EXCLUSIVE REPRESENTATIVE.  ("of employees in an appropriate unit"--see § 7103(a)(16)). The union that is certified as the exclusive representative of a unit of employees either by virtue of having won a representation election or because it had been recognized as the exclusive representative before passage of the CSRA. It is an unfair labor practice for an agency to deal with other unions or organizations or special interest groups (or, for that matter, directly with unit employees--see BYPASS and FORMAL DISCUSSION) regarding the conditions of employment of unit employees. See EXCLUSIVE RECOGNITION. A union holding exclusive recognition is sometimes referred to as the exclusive bargaining agent of the unit.

EXECUTIVE ORDER 12871, as amended.  This order, signed October 1, 1993 and reaffirmed six years later in a Presidential Memorandum, was revoked on February 17, 2001 by Executive Order 13203. EO 12871 had established, among other things, a National Partnership Council (NPC) that was made up of representatives of labor, agency, and managerial/supervisory organizations. The mission of the NPC was to advise the President on labor-management relations, support and foster labor-management partnerships, and collect and disseminate information on partnerships. EO 12871 also directed agencies to establish partnerships, provide training in alternative dispute resolution techniques, bargain on section 7106(b)(1) matters, and "evaluate progress and improvements in organizational performance resulting from the labor-management partnerships."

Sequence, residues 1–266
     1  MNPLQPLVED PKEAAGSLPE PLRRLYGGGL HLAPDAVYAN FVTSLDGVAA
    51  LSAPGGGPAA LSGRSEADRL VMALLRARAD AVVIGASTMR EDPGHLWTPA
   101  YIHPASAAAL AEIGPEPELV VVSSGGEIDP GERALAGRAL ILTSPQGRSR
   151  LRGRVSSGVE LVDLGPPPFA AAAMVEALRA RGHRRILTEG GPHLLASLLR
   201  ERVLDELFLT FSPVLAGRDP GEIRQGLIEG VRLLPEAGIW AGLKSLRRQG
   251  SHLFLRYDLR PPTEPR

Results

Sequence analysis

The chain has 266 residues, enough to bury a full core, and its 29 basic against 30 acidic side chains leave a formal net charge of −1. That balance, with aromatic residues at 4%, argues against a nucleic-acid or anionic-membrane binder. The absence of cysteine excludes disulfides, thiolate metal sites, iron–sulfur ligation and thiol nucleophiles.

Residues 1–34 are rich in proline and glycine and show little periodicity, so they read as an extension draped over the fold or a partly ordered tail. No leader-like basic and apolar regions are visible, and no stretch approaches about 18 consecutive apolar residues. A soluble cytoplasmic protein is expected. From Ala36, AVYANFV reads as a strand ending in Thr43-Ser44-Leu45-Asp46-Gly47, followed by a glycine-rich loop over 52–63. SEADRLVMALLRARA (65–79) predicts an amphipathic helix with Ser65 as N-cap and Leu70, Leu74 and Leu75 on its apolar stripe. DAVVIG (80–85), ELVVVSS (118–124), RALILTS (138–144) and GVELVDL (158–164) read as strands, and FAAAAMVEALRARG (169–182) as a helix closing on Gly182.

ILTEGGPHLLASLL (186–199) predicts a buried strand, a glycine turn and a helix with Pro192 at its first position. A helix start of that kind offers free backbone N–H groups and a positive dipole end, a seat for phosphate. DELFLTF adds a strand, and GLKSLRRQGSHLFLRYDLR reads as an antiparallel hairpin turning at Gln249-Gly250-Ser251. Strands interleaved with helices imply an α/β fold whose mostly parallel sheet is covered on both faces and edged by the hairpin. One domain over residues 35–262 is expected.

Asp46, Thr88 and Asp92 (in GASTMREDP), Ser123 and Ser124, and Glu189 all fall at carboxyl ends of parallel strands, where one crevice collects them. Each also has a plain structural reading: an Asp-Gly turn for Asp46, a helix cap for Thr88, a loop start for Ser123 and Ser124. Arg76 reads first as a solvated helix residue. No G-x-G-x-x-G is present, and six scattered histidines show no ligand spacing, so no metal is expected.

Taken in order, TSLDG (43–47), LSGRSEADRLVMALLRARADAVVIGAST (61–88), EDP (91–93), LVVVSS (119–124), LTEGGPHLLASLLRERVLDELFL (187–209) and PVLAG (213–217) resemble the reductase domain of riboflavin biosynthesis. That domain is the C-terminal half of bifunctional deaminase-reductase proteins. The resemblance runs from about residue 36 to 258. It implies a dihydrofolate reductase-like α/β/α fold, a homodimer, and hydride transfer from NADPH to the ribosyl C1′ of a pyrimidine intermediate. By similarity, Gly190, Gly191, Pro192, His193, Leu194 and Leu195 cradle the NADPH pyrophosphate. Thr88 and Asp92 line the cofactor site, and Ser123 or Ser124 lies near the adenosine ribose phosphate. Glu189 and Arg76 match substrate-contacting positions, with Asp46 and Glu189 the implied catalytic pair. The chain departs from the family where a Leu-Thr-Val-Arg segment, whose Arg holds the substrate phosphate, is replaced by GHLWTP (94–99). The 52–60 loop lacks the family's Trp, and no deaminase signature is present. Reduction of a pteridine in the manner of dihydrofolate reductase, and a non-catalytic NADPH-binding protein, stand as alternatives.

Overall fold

In 54 FLRA No. 43, where the Authority dismissed a ULP complaint involving an agency's refusal to bargain on section 7106(b)(1) matters, the Authority held that the EO 12871 directive to bargain on section 7106(b)(1) matters was not an "election" within the meaning of section 7106(b)(1). "Questions concerning the Respondent's compliance with the Executive Order," said FLRA, "are properly resolved as a matter involving the internal management of the Executive branch." The D.C. and 9th Circuits have affirmed the Authority's reasoning and conclusions.

EXECUTIVE ORDER 13203.  EO 13203, signed February 17, 2001, revoked EO 12871 (as well as the Presidential Memorandum of October 28, 1999 that had reaffirmed EO 12871), dissolved the National Partnership Council, and ordered the Director of OPM and heads of executive agencies to promptly rescind "any orders, rules, regulations, guidelines, or policies implementing or enforcing" EO 12871 or the Presidential Memorandum "to the extent consistent with law." It also provided that nothing in the order abrogated "any collective bargaining agreements in effect on the date of this order."

EXTERNAL LIMITATIONS ON THE EXERCISE OF MANAGEMENT'S RIGHTS.  The types of discretion reserved to management by § 7106 are not unfettered. Quite apart from any limitations that may be found in the collective bargaining agreement (such as an appropriate arrangement provision), its discretion must also be exercised in accordance with the laws and regulations that set limitations on management discretion (for example, OPM's reduction-in-force regulations, 5 CFR 351). Only those external limitations on the exercise of § 7106(a)(2) rights can be enforced by the union under the negotiated grievance procedure. See APPLICABLE LAWS.